By Marinella Bandini
On the evening of Tuesday, Oct. 17, the day Christian communities in the Holy Land had dedicated to prayer and fasting for peace, an explosion went off at the Anglican hospital “Al Ahli” in Gaza, killing hundreds of civilians.
The bombing sent a shockwave through communities who had prayed throughout the day and ignited anger throughout the Middle East and across the world.
Approximately 500 people lost their lives in the explosion, according to the Palestinian Ministry of Health. As a hospital, the location was supposed to be protected by international law, and hundreds of people had found refuge there over the past week.
Immediately, the Episcopal Diocese of Jerusalem, led by Bishop Hosam Naum, issued a note condemning this “atrocious attack” in the heart of Gaza, where the hospital has been providing protection and care to the population for more than 120 years and is internationally recognized as a reliable and “super partes” (neutral) institution.
A strong appeal was made by the Episcopal Church for a unanimous international condemnation and for the international community to commit to protecting civilians and ensuring that such “inhumane horrific acts” are not repeated.
On Wednesday, Oct. 18, the Patriarchs and Heads of the Churches in Jerusalem issued a statement and convened a press conference in Jerusalem to condemn the “criminal attack” and call, once again, “for justice, peace, and the cessation of the suffering that has descended upon the people of Gaza.”
During the press conference, the message of the Heads of the Churches was conveyed through the voice of Anglican Bishop Hosam Naum.
“We stand together in condemning this dreadful and devastating massacre, and we regard it as a crime against humanity. A sanctuary, a place that was meant to be a place of prayer, and a place of healing, turned into the scene of a very horrific massacre for our people in Gaza,” he said.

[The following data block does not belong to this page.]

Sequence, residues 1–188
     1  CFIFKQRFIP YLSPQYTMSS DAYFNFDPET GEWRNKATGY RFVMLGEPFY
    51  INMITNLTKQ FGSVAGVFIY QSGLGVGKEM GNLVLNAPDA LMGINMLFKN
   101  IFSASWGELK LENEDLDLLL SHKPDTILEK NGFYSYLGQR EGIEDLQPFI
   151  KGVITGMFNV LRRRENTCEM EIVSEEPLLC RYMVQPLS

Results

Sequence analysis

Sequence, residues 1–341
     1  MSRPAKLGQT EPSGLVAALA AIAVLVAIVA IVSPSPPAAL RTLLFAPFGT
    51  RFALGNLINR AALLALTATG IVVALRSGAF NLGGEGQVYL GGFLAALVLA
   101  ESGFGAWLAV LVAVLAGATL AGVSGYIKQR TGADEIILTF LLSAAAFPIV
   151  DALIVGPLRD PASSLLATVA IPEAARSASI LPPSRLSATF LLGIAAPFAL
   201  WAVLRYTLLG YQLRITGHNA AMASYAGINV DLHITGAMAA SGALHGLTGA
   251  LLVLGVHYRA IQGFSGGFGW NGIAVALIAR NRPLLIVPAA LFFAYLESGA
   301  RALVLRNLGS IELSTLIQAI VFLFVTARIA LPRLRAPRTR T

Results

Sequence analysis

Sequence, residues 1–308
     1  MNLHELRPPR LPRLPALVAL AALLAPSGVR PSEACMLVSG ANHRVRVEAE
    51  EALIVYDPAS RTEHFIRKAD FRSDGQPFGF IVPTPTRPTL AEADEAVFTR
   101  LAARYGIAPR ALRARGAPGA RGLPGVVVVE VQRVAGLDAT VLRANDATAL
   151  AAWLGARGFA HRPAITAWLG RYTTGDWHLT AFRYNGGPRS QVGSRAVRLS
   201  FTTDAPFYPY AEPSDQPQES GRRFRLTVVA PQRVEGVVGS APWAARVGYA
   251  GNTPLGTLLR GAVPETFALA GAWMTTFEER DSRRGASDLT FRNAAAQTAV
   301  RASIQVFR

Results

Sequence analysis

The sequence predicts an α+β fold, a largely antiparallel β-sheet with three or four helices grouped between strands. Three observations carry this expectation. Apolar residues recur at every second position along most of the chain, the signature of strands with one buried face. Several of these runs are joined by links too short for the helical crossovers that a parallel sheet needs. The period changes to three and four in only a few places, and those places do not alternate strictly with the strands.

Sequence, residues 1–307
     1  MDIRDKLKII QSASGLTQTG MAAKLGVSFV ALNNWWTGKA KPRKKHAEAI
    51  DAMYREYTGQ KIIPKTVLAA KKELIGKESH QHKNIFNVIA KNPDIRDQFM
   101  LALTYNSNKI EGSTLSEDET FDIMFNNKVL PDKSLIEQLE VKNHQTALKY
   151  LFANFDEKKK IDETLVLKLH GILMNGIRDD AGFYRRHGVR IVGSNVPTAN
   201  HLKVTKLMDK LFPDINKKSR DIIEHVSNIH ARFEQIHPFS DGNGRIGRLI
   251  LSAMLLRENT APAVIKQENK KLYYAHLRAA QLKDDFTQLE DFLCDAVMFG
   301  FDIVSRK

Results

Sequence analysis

Only shortly before, the bishop recounted, “people who are civilians who were gathered in the courtyard were singing for peace and the children were playing. Why did this happen? Why, just two hours later, were they struck down by death?”
Just two weeks ago, Naum had visited the facility for new projects to be implemented together with the Lutheran World Federation, after the recent opening of the chemotherapy service. Three days ago, the hospital was hit by two rockets. One damaged the fourth floor and the roof of the new diagnostic center. The other hit the ultrasound and mammography room on the second floor. The hospital, the bishop reported, received “three evacuation warnings” from the Israeli side, “on Saturday, Sunday, and Monday,” but yesterday, he said, “I am not aware of any.”
After an initial emergency evacuation, the hospital is back in operation.
“The hospital will continue to be open,” the bishop emphasized, while also not hiding the dramatic situation due to a lack of supplies. “They’re running out of water and supplies.”
“We are determined — not only the Anglican Church, but all the churches — we are determined to keep our institutions open, to keep our places of worship, our churches, open as places of refuge, especially to those who are disadvantaged.”
Naum was not drawn by journalists’ questions to place blame for the explosion on one side or the other. “We are not military people to decide [what happened]. We are not journalists to analyze; we are not politicians to decide [what to do],” he said. “What we are saying here is that what happened in the hospital is a crime. Let there be an end to the violence and let there be a just and lasting peace.”
The Anglican bishop consistently reiterated the message: “As heads of the churches, we have said very clear that we are against any violence against any civilians or innocent people on any side of the divide. Let people see what is happening, even beyond the hospital, and they will draw the conclusion that enough with this war, enough with these lives that have been lost on both sides,” he said at the press conference.
Wednesday was also the day U.S. President Joe Biden arrived in Tel Aviv. The president reiterated full support for Israel but also affirmed that the solution to the long-standing Israeli-Palestinian conflict must be the two-state solution.
“What I expect from President Biden and every world leader,” the Anglican bishop said in explicit response to a question, “is that they stand for peace and justice in this land, to end the conflict, in accordance with U.N. resolutions and international law. We want them to be a voice for peace and reconciliation, for the sake of everybody — Israelis and Palestinians.”
Naum also confirmed the willingness of all the churches of the Holy Land to face every challenge together and to share every step.